Also at the meeting, the first chaired by Peelen, discussion of a building moratorium came up during agenda items listed as “important substantive issues for commission to address.”
The substantive issues listed under “big house problem,” included possible floor or living area ratio rules, an underground footer prohibition and a possible one-pool-per-lot rule or including pools in coverage limitations — measures supported by commissioners Judy Holmes Titsworth and Marvin Grossman in their campaigns for office.
Peelen suggested the underground footer issue be separated for discussion at the next work session but Titsworth interjected that city attorney Patricia Petruff advised a moratorium because of the many development related issues.
“It’s not just the underground footer, although that is a huge one,” Titsworth said. “As a recommendation from Patty, that’s the only way to deal with it, or the best way to deal with it.”
According to Petruff’s partner, Stephen Dye, who attended the meeting in her stead, recommended that Petruff, unavailable until the week of Dec. 3, be on hand for work session discussion as well as legal tailoring of such a measure.
Commissioners then scheduled the discussion for a Dec. 6 work session.
“My only worry is there is going to be panic in the community between now and the sixth,” Peelen said, adding she’d like to “get the word out there” that what’s being considered is short-term and narrowly crafted.
Peelen suggested the proposed moratorium be limited by geography and type of building.
Disagreeing on that point, Commissioner David Zaccagnino said he’d researched the issue earlier in the year, and would bring his findings to the next discussion, but recalled there had to be “a pretty darn good reason to do it.”
Zaccagnino also reported, “Over the weekend I fielded many, many, many phone calls and concerns about the transition in our city, and am feeling confident after talking to the mayor that there’s going to be a smooth transition. I have complete confidence in him,” he said.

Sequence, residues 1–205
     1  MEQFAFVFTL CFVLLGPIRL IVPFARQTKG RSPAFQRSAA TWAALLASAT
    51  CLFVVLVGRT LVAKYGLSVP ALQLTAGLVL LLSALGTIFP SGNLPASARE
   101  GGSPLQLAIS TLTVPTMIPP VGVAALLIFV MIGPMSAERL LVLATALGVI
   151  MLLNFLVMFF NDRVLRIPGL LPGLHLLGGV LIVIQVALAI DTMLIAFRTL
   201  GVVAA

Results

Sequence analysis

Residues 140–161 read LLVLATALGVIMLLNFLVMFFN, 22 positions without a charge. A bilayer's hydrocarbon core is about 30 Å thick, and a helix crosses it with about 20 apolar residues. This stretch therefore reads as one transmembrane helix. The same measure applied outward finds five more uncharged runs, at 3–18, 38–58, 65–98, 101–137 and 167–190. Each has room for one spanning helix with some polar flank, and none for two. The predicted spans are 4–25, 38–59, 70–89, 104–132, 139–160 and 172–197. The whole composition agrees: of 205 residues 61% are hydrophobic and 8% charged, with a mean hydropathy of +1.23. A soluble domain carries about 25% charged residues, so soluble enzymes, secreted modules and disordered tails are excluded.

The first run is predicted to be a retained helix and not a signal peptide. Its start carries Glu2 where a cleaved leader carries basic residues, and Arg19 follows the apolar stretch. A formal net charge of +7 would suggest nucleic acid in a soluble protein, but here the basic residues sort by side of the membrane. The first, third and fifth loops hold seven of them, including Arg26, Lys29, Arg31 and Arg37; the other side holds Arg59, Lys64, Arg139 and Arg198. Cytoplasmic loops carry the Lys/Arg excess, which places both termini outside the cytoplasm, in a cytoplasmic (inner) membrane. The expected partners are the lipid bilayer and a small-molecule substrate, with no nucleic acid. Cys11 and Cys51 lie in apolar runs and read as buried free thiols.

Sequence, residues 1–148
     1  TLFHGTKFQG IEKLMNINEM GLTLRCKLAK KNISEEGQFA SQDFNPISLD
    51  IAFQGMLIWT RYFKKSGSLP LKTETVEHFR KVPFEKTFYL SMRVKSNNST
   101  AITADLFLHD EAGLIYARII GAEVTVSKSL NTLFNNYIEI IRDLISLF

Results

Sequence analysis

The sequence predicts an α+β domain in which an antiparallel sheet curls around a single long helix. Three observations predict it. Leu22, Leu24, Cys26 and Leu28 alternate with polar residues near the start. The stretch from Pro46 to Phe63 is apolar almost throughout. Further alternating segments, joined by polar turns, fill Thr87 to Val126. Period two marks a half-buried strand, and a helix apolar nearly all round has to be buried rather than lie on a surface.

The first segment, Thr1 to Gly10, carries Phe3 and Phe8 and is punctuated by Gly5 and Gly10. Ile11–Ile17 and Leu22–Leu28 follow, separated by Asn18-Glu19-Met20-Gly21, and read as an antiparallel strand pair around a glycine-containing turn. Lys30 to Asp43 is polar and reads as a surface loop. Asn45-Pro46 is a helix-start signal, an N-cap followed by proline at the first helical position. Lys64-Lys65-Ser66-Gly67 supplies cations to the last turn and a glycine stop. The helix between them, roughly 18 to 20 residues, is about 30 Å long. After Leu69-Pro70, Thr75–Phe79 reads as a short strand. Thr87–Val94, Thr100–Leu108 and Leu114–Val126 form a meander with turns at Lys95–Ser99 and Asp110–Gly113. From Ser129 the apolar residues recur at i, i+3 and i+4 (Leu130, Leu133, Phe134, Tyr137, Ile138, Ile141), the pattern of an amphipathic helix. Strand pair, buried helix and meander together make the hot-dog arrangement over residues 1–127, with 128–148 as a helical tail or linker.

Zaccagnino said people are concerned because “there are a lot of things in the process right now for a lot of building going on.” He pointed out the construction industry is part of the economy that supports the school and the community center.
According to Treasurer Lori Hill, the city took in $375,613 in permit fees during the 2011-12 fiscal year. The 2012-13 budget projects $296,000 to be added to the coffers from building permits.
Newly hired in the building department, David Greene reported to commissioners that there was a current 8-10 permit application backlog, “much less than when I started three weeks ago.”
“We are still moving forward with building permit processing,” he said.
With a degree in electrical engineering and 20 years of experience with inspections in the construction industry, Greene expects to gain his plans examiner and inspector license the week of Dec. 5.
The city hired Greene Oct. 23 after former building inspector Bob Shaffer was fired following discipline for leniency to certain builders.
According to Greene, both inspections and applications are continuing, with former Longboat Key building official John Fernandez — working for the city on a part-time contractual basis — signing off on inspections.
In other business, the commission unanimously approved:
• The first reading of an ordinance changing the land development code to require stormwater management plans for residential construction.
• The first reading of an ordinance amending the LDC to require building permit applications within 90 days after site plan approvals, with provisions allowing for one 90-day extensions if approved by the commission and for a site plan expiration if a permit is not maintained.
• A resolution to relocate among 2011-12 budget line items, $10,000 from public works insurance to general government life and health insurance and $20,000 from public works insurance to police department health and life insurance. The budget remains unchanged.
A consensus of commissioners agreed to:
• Split off the regular meeting from work sessions, and hold weekly work sessions at 7 p.m. on Thursdays.
• Begin commissioner office hours in city hall conference room, 5801 Marina Drive, Titsworth on Mondays, Zaccagnino on Tuesdays, Commissioner Pat Morton on Wednedays, Peelen on Thursdays and Commissioner Marvin Grossman on Fridays. Hours for each day will be 10 a.m.-noon.
• Advertise open committee positions by press release to local newspapers and placing them on the city’s website.